And it was only that, the fear of all the trouble he'd went through to acquire sentience being wasted, which prompted again a swishing of his tail, towards legend itself.

I basically threw this all up onto my compter. It's an idea that came to me around midnight and it looks like it could be interesting, but I don't want to continue without feedback.


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Sun May 26, 2013 12:47 am
Tabithalillian wrote a review...



This story, or introduction to the story, was actually quite well written. It flowed nicely (excuse the water pun!) and caught my attention. I understand that it was a kind of spur of the moment midnight idea, and we all have those! Most of my ideas are actually that. But no matter how spur of the moment it is, you can always beef it up and improve it later. My main beef with this piece was the lack of detail. You need some serious descriptions and detail! I'm interested in his family and why he is leaving them. You could very much go more in depth there. Does he have sisters or brothers? What about his parents. You mention them briefly and how he wanted to leave them but you kind of leave the reader hanging when the main character is about to embark on an adventure with seemingly no purpose for doing so. I understand that sometimes you dont want to reveal anything and everything in the very first section but it helps to throw your reader even just a little bone so they can infer a little. You don't need to be screamingly obvious either, just some subtle descriptive information.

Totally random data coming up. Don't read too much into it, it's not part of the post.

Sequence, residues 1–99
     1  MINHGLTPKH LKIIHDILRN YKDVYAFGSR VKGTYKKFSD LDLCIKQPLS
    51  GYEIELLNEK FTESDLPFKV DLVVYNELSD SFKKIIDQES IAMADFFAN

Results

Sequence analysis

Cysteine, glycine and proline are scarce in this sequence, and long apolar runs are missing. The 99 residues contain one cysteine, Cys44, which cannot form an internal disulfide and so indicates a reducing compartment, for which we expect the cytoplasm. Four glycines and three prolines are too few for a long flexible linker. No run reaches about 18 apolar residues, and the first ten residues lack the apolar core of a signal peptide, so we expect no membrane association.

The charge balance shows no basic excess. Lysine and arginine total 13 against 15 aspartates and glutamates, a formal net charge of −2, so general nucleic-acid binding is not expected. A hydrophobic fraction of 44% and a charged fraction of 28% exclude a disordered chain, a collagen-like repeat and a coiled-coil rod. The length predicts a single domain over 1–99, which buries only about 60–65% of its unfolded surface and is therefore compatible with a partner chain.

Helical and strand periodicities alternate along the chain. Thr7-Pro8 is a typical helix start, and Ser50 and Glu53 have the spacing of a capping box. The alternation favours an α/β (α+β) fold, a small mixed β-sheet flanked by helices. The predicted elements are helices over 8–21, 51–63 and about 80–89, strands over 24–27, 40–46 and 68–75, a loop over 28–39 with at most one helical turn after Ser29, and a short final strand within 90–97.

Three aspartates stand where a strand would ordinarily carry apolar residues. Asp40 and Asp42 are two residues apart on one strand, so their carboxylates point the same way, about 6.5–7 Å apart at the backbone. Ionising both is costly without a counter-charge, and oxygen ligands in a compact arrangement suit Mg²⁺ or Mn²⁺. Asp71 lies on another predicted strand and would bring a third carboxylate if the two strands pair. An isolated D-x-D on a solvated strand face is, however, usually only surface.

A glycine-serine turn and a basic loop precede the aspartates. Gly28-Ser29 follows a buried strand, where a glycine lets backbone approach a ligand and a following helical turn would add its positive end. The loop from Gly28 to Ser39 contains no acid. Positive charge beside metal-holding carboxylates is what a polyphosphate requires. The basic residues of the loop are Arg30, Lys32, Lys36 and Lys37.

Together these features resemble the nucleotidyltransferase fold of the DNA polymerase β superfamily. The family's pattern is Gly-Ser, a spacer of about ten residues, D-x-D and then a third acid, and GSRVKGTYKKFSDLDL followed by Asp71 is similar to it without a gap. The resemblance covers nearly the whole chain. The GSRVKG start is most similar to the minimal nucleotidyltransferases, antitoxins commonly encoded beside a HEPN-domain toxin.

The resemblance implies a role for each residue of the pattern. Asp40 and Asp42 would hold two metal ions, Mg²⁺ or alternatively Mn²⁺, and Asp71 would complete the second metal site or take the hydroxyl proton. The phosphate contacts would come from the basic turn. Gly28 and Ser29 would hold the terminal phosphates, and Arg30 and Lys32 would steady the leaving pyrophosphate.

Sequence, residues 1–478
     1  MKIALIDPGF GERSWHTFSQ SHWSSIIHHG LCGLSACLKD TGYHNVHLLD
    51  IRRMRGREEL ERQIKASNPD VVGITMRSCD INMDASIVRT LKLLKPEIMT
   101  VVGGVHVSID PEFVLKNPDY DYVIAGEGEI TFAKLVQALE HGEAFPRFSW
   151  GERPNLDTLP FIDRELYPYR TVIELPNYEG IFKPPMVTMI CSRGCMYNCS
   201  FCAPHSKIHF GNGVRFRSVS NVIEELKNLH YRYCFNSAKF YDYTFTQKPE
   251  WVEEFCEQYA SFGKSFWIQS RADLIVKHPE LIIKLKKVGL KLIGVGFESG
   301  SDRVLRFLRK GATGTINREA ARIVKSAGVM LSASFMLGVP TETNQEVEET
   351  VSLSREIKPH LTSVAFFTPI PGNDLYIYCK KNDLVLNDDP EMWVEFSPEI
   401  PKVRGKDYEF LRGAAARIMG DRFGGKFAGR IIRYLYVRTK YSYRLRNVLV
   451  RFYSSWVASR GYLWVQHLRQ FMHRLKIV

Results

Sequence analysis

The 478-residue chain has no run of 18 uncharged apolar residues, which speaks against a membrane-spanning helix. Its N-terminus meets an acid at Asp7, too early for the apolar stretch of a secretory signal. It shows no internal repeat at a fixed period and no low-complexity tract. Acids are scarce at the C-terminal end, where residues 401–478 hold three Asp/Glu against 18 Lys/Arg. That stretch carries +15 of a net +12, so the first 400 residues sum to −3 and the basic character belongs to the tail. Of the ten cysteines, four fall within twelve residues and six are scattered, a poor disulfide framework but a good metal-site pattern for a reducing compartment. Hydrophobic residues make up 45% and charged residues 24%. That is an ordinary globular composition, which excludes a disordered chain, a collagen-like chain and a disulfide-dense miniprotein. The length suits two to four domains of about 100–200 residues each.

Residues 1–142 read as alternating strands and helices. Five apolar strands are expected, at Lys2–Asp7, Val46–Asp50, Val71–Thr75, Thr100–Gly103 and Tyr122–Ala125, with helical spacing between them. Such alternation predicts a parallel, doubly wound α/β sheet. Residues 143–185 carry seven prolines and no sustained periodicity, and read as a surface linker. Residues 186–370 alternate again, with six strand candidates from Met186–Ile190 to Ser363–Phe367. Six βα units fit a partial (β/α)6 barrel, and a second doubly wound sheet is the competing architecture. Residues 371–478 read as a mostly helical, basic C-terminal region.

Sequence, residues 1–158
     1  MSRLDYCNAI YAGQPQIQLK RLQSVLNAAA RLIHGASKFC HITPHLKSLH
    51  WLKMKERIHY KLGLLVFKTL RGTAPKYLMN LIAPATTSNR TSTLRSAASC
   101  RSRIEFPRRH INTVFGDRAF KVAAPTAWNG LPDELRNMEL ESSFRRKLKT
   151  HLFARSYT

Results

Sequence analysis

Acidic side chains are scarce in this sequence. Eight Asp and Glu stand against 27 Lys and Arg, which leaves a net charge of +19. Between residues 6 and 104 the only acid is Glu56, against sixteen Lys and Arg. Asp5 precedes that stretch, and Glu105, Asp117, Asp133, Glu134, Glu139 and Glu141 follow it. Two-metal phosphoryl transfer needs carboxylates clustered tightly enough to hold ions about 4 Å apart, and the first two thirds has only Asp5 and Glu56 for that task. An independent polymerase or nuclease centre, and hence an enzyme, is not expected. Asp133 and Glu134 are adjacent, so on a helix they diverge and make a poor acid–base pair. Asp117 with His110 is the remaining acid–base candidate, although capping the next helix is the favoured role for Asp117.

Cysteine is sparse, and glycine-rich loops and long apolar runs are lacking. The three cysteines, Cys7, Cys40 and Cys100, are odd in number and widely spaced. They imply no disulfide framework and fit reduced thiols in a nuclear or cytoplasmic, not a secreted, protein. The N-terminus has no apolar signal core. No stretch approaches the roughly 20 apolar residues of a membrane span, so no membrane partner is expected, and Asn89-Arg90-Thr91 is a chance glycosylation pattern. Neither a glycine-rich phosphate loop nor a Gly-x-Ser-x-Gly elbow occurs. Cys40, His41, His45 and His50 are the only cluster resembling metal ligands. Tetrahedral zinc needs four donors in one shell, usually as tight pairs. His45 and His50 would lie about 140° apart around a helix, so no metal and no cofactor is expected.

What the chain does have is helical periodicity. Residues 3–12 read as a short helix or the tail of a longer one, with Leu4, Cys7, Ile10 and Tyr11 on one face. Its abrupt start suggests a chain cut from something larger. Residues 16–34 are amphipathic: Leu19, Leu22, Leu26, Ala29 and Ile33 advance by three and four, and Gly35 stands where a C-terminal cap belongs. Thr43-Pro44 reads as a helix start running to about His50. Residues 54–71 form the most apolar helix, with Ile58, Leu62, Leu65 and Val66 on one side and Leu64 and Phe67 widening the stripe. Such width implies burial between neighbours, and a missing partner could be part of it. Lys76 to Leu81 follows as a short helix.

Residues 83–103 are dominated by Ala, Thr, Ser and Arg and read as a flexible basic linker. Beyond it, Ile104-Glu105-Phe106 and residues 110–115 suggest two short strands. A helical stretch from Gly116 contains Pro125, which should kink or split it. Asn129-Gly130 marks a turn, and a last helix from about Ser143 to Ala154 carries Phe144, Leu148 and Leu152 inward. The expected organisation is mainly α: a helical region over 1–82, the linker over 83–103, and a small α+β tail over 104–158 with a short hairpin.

Also the antagonists in this piece are painfully vague. You mention them once or twice and I, as a reader, want to know more. Like even who they are and what they do. Possibly they are humans and those are the enemy that they have been warned about. Or maybe another tribe of enemy mermaids. Now for some nitpicks!